Cheryl Strayed's Wild Is a 2nd Skin for the Soul
Cheryl Strayed is a motherfucking heart surgeon. Her new memoir, Wild: From Lost to Found on the Pacific Crest Trail, is the wound. But it's also the healing, and it's also the raw, muscular pulse of human triumph.
I've followed Strayed's work for a while, in her Dear Sugar incarnations and elsewhere, so the themes of Wild are familiar. Strayed's mourning over the too-early death of her mother from cancer. The brief affair with heroin. The many brief affairs with men that led to the slow disintegration of her first marriage. The people she called "family" falling away despite her attempts to keep them together. The peculiar wanting and lust that undercut her many griefs, so frank they feel almost oppressive in their evocation.
"The wanting was a wilderness and I had to find my own way out of the woods," she writes early on. Yet despite my knowledge of Strayed's major life plots, they took on a different feel when told through the lens of an agonizing, sun-scorched and snow-blown hike from the Mojave Desert to Washington state on the Pacific Crest Trail.
Strayed, who appears tonight at Book Passage in the Ferry Building, was not an experienced hiker when, at 26, she took a really long walk to put her life back together -- 1,100 miles, to be exact. Throughout her (mis)adventures with rattlesnakes, bears, waking up covered in frogs, and losing her shoes off the side of a mountain, Strayed's journey is deeply resonant and symbolic, from the monstrously heavy pack that was "my burden to bear, of my very own ludicrous making" to the new name she gives herself after divorcing her husband: "I saw the power of the darkness. Saw that, in fact, I had strayed and that I was a stray and that from the wild places my straying had brought me, I knew things I couldn't have known before."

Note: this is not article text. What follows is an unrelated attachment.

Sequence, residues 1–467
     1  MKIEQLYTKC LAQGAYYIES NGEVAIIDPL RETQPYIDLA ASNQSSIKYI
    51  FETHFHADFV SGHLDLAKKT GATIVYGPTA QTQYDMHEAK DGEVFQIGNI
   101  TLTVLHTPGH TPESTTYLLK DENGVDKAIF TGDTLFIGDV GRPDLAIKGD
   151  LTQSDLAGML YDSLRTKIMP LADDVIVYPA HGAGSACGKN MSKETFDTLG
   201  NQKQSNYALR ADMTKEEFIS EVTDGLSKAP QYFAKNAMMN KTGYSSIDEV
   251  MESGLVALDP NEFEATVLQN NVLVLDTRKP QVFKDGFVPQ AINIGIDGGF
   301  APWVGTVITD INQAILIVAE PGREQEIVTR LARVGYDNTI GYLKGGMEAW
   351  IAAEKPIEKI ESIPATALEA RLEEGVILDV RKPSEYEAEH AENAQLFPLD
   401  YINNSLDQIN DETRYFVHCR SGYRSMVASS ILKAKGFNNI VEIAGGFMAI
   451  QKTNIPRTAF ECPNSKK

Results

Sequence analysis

At times, Wild has the cracked texture of a dream. It's obsessed with the anguish of the flesh. (Her feet bear the worst of it. We
watch her slowly lose six toenails in her too-small REI boots, wincing
along with her as she applies ever more 2nd Skin burn pads to her
blisters, to no avail.) Using the physical self as an emotional antenna, Wild is something you have to read with your whole body, not just your eyes.
Strayed's words seem to exist in the nurturing fractures of capital-f Feelings. But the core of it is guts. Wild doesn't move so much as shove you in the direction of hope. And it's beautiful and awful and strange and necessary. As Strayed reminds us throughout her journey, regarding the inevitability of our life choices:
"There was only one, I knew. There was always only one.
To keep walking."
At turns big and devastating, harrowing and humble, Wild is like 2nd Skin for the soul.
Cheryl Strayed reads from Wild tonight (Tuesday, April 3) at 6 p.m. at Book Passage, 1 Ferry Building (at Embarcadero), S.F. Admission is free.